|The Cup's Different|
Written by ElephantintheRoom on Sunday, 6th Jan 2019 11:28
For many (dare I say most?) Town supporters, the proudest day in the club’s history is the cup final in 1978. Many know the team off by heart. Real diehards can quote David Coleman verbatim in the breathless build up to “Osborne!.... One-Nil!!!!!”.
But ask me where Town came in the league in 1978 and I cannot tell you. Nor can I remember too many matches nor finishing positions in the many blown league campaigns of the Robson era. But I can remember more than a few cup ties.
My greatest memories as a Town fan are almost exclusively FA Cup ties. My dad’s generation (if you forget the small matter of WW2) were perhaps the luckiest of Town fans. They saw Town win the league AND the Robson years. Us children of the 50s grew up knowing Town as recent champions and accepting the Robson years as our natural right, rather than an all-too brief miracle. My back catalogue of rose-tinted memories beggars belief, given the depths Town have sunk to in recent years.
You see I come from a generation of football fans who would watch every moment of the FA Cup final, no matter who was playing. After all, it was never going to be Ipswich. My friends and I would watch breathlessly as black and white images showed Brylcreemed players we had rarely seen except in Charles Buchan’s Football Weekly, leave their hotels, sit nervously in the coach, peer at the crowd on Wembley Way and inspect the pristine pitch. The game itself was merely the highlight of ‘Cup Final Day’ – itself the highlight of the football year. You see, back then The Cup really was different.
And the third round! Oh the excitement of those shocks that we would discuss endlessly over school dinners the following week. Crawford and Simmons for Colchester against unbeaten Leeds. That Ronnie Radford screamer in the mud at Hereford. The Leatherhead Lip. I could go on, but you get the point.
The Cup meant something back then. Younger readers might not believe this, but once upon a time clubs actually tried to win cup games. You might not win The Cup – but to get through a round or have that holy grail ‘ a good cup run’ It was the stuff of dreams. For every club and every supporter.
But now? I wouldn’t watch a cup game if you paid me. I can’t actually remember the last time I watched a cup game at Portman Road. I certainly haven’t watched an FA Cup game of any sort for over a decade, live or on the TV. The Cup today for me – and I think for most teams, let alone most fans is indeed very different. It just doesn’t matter any more. And when you think back to the proudest day in the club’s history in 1978, that is something of a tragedy.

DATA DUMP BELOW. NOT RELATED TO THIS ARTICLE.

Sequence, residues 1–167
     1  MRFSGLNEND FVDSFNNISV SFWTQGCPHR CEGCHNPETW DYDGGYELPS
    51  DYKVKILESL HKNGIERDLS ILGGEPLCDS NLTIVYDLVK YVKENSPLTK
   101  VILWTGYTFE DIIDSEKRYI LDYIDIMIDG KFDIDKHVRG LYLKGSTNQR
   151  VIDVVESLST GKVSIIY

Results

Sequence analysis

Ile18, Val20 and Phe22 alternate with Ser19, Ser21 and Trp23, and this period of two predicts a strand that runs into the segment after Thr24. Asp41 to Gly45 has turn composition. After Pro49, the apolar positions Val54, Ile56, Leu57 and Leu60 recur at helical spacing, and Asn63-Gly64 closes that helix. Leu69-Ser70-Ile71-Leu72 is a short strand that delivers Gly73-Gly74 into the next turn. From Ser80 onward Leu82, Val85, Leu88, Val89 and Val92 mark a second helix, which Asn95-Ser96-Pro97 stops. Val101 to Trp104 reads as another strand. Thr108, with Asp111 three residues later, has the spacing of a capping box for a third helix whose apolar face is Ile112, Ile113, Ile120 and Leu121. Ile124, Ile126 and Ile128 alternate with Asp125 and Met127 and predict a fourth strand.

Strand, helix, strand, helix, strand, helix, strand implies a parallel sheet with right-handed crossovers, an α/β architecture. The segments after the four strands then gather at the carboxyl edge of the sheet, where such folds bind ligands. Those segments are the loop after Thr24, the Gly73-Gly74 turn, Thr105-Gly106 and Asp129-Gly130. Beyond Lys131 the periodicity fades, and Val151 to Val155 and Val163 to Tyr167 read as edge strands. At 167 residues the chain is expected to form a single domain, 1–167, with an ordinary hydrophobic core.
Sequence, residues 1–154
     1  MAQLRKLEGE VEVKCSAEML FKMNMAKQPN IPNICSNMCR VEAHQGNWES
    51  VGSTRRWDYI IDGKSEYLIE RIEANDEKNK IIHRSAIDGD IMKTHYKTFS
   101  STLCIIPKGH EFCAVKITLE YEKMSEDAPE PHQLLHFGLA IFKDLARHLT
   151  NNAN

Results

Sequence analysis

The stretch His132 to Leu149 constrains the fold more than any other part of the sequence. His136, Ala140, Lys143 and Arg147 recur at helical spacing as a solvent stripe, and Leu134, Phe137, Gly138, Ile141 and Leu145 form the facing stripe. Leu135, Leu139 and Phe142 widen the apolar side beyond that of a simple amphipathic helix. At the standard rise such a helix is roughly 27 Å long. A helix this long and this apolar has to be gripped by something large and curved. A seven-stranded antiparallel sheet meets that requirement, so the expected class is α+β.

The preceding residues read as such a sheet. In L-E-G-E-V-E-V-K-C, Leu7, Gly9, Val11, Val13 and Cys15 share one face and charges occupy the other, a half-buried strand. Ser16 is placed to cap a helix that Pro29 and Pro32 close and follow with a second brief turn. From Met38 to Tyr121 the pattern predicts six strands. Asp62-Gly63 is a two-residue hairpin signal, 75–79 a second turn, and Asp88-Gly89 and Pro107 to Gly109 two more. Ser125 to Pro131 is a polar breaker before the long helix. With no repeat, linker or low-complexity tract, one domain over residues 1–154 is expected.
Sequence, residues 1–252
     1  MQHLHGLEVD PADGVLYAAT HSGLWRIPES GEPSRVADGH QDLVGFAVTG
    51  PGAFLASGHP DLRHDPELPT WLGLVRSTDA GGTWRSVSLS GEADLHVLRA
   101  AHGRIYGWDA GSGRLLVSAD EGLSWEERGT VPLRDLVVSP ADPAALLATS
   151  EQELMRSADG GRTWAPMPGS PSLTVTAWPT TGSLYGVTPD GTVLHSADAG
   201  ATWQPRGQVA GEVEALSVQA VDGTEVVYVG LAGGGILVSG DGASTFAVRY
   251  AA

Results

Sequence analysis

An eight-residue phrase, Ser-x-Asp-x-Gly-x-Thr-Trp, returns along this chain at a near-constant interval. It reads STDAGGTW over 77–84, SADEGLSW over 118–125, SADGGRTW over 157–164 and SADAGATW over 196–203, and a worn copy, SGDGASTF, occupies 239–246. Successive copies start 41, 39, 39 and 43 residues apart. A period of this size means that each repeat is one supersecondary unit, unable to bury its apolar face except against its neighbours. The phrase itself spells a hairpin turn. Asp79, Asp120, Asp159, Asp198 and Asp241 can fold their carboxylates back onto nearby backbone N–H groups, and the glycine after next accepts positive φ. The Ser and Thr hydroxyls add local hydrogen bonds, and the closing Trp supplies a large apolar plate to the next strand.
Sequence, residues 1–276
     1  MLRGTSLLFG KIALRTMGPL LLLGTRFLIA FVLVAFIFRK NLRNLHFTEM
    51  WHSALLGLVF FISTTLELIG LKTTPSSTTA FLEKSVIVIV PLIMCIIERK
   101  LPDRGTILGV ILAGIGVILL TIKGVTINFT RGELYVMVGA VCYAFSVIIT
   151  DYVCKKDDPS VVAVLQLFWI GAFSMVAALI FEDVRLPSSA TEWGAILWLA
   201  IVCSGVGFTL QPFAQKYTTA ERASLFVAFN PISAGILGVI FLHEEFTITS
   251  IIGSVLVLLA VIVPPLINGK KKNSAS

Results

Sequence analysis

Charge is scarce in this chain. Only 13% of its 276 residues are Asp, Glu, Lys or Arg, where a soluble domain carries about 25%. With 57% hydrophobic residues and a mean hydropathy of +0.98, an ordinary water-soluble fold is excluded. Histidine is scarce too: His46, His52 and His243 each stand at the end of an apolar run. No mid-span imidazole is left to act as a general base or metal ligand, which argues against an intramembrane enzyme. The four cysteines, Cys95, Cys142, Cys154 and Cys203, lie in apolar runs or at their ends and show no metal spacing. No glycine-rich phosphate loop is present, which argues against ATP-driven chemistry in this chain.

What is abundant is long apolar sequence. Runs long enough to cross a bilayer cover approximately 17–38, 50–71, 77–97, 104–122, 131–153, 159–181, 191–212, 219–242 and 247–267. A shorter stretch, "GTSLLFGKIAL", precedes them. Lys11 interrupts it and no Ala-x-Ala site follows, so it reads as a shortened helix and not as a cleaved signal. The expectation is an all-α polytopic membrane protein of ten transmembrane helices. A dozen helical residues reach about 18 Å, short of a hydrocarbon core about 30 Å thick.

Nowadays The Cup is more a farce than a competition. I noted with disbelief that over 1,000 Town fans wanted to go to Accrington Stanley. I suppose once upon a time I might have done the same. But not now. I don’t know if Stanley, let alone Town intended to field a competitive team, let alone try and win.
I do know Town have treated cup competitions and their supporters with utter contempt for a decade. So no – it's not for me. I simply find it baffling that so many people pay good money for so very little. By watching these farces they are helping to dishonour those who played so proudly in the past.
Town, of course, are not alone. The way virtually all clubs now treat The Cup is little short of criminal. People pay to watch, people bet on it, TV turns up and breathlessly broadcasts games which are essentially reserve games and talk of ‘shocks’. But nobody mentions the awful, obvious truth. Losing a game you don’t really want to be in, let alone win is not a shock. It’s an affront to football.
How did such a great competition sink so low? Money and the the Premier League for sure, not to mention the devaluation of even the Premier League, let alone The Cup via the ludicrous, overblown ‘Champions League’.
Foreign ownership and managers have played their part too. But so too have supporters who have bought into the myth of ‘giving fringe players a chance’. Wouldn’t trying to win a cup game or two in the last decade have brightened up those long seasons of abject mediocrity for Town?
I am probably wrong but I blame Arsene Wenger for the marginalisation of The Cup. In my mind it was he who started the fad for not trying overly hard in cups and ‘giving fringe players a chance’.
I remember Arsenal fielding a virtual youth team against Wigan, in the League Cup, I think. Arsenal won 6-0 which of course showed the strength of Arsenal’s squad and the brilliance of Carlos Vela (Carlos who?).
But given slightly less airtime were the comments of a rueful Wigan manager, Steve Bruce, who pointed out the difficulties his gnarly professional footballers faced being asked to play boys in a game their more glamorous opponents considered beneath them.
In the end Wigan didn’t care either. And that pernicious attitude has seeped right through the game. But what exactly is the logic of the 88 teams who are not going to win anything treating The Cup with contempt? It’s utterly baffling.
My first real memory of Town in the FA Cup was a third round tie at Chelsea in 1968. A trip to London! Chelsea won 3-0 at a canter, which was a tad disappointing. And at that game I learnt that Town had not only never won the hallowed cup – they had never even got to the quarter-final.
And when that magical moment arrived – it was a mere seven years later and came in a cup run that I still think ranks as the most exciting time to be a Town fan. I may be wrong, but in my mind I am right. Because I was there. In 1975, The Cup, for Town supporters, was different, in just about every way imaginable. Hope. Glory. Almost unbearable cliffhangers. Champions and holders vanquished. Improbable comebacks. Triumph. More triumph. The agony of waiting out injury time. The ecstasy of hearing the final whistle.
The 1975 Cup run was simply epic. First up in the third round was an away tie at Wolves. Town won that one 2-1 – a pleasant surprise and we were rewarded with a home tie against The Cup holders, Liverpool in the fourth round. A huge crowd in excess of 34,000 and a tense, even game won by a slightly streaky Mick Mills goal, the ball barely crossing the line, almost in slow motion. Town had arrived amongst the big boys. Better still a cup quarter-final was just one game away!